Man charged in fatal hit and run

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Share the damn road, people.

Last week's Guardian cover story highlighted a number of efforts to make cycling safer and more viable in San Francisco, such as ongoing San Francisco Bike Plan projects that will create separated bike zones. Sadly, none of it was enough to prevent the tragic death of a German tourist who was hit while riding a bike on Friday, Aug. 13, by an intoxicated driver behind the wheel of a 1989 Mercedes Benz.

Police had little information about Nils Linke, who would have turned 22 next month, other than that he was visiting San Francisco from Germany. Linke was hit at 10:39 p.m. Friday night on Masonic Avenue near Turk Boulevard, according to police spokesperson Lt. Lyn Tomioka. "They are really working very hard on this case," Tomioka said. "It is an active and ongoing investigation."

Joshua Calder, 37, was arrested and charged with gross vehicular manslaughter while intoxicated, felony drunk driving, felony hit-and-run causing death, driving with a blood-alcohol content above the legal limit, and driving without proof of insurance. Police originally believed Calder to be an Oakland resident, but he gave a San Francisco address, Tomioka said.

SF Streetsblog picked up the story, providing an insider's scoop on efforts to address traffic conditions in that area. Here's an excerpt:

"For years now, advocates and residents who live on and near Masonic Avenue have been trying to get the SFMTA to turn Masonic into a complete street, replete with bicycle and pedestrian amenities that would slow traffic, and make it a safer place for everyone. At a recent community meeting, the agency offered four options to do that, including a cycle track.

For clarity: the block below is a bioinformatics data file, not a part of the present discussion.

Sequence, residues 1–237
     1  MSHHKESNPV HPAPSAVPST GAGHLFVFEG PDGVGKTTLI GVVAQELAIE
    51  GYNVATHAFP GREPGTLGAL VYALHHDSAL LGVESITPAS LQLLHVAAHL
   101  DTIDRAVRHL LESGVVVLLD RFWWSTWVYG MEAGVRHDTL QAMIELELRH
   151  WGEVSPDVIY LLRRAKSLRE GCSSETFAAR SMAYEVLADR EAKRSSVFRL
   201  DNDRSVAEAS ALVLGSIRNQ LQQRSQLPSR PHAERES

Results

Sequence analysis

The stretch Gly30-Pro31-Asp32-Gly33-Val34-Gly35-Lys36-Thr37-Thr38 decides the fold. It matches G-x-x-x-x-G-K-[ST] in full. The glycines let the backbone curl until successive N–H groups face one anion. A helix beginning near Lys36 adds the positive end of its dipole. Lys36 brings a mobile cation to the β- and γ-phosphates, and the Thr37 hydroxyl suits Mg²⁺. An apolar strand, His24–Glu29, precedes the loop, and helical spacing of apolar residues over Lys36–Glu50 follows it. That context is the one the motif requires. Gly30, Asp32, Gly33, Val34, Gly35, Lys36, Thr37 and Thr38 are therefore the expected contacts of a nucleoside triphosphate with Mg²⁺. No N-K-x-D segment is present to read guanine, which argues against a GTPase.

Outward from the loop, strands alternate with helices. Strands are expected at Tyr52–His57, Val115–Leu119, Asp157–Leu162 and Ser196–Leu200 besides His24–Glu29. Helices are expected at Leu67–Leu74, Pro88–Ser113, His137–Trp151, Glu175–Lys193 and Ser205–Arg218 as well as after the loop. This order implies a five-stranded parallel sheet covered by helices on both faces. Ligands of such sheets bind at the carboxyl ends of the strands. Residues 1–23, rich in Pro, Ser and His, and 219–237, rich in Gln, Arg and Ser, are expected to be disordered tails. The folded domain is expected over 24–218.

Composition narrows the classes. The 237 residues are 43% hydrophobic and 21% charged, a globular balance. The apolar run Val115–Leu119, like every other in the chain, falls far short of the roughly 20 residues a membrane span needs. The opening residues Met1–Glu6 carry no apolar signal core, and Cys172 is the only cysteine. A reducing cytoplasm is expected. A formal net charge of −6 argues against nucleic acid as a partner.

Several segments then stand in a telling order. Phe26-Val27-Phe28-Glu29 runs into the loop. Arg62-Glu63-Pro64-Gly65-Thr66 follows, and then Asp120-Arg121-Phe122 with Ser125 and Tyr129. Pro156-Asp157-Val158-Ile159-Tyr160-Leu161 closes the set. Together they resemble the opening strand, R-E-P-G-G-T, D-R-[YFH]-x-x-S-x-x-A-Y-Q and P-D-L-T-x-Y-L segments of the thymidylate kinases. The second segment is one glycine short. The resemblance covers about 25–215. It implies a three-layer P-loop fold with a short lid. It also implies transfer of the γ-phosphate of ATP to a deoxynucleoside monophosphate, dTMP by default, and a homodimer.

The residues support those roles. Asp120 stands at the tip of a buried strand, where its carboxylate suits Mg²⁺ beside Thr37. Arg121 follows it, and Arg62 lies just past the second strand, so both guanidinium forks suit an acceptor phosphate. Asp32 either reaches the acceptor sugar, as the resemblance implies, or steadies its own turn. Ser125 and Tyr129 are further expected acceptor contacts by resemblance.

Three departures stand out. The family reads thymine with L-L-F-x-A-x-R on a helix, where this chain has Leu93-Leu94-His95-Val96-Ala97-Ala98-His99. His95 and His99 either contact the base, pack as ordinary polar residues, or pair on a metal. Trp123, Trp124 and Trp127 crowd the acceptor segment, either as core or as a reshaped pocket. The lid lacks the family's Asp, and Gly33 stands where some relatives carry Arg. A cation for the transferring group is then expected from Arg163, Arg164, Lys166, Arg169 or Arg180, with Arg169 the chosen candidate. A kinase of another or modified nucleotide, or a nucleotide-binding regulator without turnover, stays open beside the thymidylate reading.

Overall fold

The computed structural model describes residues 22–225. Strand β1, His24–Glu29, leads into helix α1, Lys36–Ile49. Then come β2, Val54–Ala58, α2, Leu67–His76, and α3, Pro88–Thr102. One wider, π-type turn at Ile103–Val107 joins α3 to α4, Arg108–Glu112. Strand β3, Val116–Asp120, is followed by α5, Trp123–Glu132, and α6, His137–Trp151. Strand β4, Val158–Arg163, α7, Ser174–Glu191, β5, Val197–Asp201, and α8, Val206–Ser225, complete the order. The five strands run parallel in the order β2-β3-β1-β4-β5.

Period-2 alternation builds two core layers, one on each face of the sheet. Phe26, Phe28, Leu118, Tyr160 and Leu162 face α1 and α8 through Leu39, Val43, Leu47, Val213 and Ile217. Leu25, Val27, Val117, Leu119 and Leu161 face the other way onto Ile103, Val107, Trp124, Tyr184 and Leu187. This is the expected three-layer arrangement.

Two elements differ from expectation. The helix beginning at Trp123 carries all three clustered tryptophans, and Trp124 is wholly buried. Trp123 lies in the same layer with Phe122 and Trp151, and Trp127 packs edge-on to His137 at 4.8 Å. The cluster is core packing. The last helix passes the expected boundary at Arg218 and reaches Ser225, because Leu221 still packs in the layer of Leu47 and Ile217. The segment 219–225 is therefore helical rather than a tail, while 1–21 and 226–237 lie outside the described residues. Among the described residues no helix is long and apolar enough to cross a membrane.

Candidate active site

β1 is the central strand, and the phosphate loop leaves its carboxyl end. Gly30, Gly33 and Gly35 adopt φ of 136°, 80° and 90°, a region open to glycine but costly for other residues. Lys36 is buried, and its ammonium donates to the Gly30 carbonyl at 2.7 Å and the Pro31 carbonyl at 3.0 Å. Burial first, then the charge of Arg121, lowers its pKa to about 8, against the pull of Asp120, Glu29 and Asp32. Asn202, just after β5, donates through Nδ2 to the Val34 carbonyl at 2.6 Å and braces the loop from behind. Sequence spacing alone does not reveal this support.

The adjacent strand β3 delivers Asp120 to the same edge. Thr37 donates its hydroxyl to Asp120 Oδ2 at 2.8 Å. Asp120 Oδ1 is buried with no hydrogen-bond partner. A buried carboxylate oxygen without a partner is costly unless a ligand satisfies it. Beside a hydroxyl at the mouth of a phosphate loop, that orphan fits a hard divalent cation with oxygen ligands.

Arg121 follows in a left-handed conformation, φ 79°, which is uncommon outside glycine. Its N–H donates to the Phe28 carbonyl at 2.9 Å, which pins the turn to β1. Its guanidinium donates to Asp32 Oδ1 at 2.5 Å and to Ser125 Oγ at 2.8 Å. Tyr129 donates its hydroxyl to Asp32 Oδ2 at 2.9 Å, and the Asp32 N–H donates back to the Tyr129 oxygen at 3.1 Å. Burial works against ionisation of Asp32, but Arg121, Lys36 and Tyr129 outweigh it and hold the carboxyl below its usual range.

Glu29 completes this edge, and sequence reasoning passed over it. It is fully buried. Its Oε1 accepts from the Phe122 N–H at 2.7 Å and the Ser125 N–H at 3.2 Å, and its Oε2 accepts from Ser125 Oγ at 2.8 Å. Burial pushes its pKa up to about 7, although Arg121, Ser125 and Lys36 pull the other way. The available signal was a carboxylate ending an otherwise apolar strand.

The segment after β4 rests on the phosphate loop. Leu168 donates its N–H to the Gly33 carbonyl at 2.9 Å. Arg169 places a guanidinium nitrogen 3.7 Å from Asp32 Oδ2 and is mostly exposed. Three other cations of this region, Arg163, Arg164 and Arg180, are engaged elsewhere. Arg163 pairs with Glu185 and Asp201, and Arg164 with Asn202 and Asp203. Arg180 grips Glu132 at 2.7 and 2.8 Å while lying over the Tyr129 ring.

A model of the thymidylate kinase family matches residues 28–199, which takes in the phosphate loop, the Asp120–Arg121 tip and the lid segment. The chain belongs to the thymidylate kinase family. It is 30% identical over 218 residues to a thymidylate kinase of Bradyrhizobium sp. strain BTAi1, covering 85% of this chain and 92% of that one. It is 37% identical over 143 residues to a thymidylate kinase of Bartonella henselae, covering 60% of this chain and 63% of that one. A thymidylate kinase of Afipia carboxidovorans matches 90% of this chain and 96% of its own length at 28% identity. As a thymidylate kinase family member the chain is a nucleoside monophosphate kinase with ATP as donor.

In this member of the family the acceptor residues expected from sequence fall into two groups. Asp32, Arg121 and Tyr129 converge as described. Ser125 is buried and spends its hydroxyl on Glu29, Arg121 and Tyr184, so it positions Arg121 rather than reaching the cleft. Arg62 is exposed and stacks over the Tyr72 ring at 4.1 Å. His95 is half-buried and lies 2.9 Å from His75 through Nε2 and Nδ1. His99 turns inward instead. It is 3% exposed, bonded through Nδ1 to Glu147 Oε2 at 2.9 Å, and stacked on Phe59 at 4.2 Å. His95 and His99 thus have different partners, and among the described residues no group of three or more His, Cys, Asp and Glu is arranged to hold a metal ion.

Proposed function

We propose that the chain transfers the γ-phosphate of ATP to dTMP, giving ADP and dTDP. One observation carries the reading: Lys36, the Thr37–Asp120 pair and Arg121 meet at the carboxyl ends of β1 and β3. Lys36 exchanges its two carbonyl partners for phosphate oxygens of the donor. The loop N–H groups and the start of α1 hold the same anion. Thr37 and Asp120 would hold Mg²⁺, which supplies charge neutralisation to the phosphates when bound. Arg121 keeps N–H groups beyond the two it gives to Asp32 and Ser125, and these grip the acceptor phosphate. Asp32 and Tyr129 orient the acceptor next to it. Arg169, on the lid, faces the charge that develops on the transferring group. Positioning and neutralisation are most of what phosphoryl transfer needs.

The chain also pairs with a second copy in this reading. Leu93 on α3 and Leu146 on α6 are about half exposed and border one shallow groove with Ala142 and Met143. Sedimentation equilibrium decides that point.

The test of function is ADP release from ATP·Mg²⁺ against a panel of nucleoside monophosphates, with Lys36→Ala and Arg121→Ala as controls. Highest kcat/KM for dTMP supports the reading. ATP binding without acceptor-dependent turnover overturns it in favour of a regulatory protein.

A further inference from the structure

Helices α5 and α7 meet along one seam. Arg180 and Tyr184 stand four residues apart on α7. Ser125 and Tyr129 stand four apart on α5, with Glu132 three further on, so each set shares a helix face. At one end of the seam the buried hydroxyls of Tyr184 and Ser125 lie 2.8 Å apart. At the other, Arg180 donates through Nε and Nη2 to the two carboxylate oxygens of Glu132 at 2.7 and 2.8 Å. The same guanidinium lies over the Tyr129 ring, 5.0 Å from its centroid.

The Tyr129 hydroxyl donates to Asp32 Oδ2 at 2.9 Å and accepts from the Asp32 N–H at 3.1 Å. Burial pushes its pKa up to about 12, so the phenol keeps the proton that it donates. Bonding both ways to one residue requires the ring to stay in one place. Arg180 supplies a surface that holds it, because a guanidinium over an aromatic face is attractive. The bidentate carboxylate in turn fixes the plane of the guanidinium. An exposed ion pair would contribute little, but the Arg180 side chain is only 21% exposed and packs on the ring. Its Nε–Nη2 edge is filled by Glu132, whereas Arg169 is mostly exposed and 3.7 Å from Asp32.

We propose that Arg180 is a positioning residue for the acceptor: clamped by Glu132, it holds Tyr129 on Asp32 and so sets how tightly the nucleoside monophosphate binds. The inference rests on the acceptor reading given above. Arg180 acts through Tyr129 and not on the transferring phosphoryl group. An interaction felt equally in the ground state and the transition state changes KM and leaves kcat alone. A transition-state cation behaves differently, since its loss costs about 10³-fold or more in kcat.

The [San Francisco Municipal Transportation Agency] has been hearing loud calls to fix Masonic since 2008 when 500 residents signed a petition citing speed concerns. It was hand delivered to SFMTA Chief Nat Ford. ... "We've put about four options out there now to really look at how to redesign that street," said Ford. "Unfortunately, Masonic could use some traffic calming. I have to be cautious, because you can imagine, this is a very litigious situation. Our hearts go out to the family of the young man who got killed, but we have to also make sure that we're making prudent legal steps going forward in dealing with this issue."

The Streetsblog report also notes that a group called Fix Masonic -- which has been working to improve safety conditions in that area -- has been receiving phone calls about the incident.

Linke is the second German tourist to be killed in San Francisco since the start of August. On Aug. 8, Mechthild Schroeer, 50, was killed after being caught in the crossfire of a gun battle near a Union Square venue. Efforts have been made recently to clamp down on violence outside San Francisco nightclubs, with Mayor Gavin Newsom signing legislation last week to strengthen the Entertainment Commission's ability to revoke permits for clubs that attract trouble. While drunk driving was clearly a factor in this latest hit and run, city efforts to adress community concerns near Masonic and to crack down on dangerous driving that endangers cyclists could serve to prevent tragedies like the one that took Linke's life.

Comments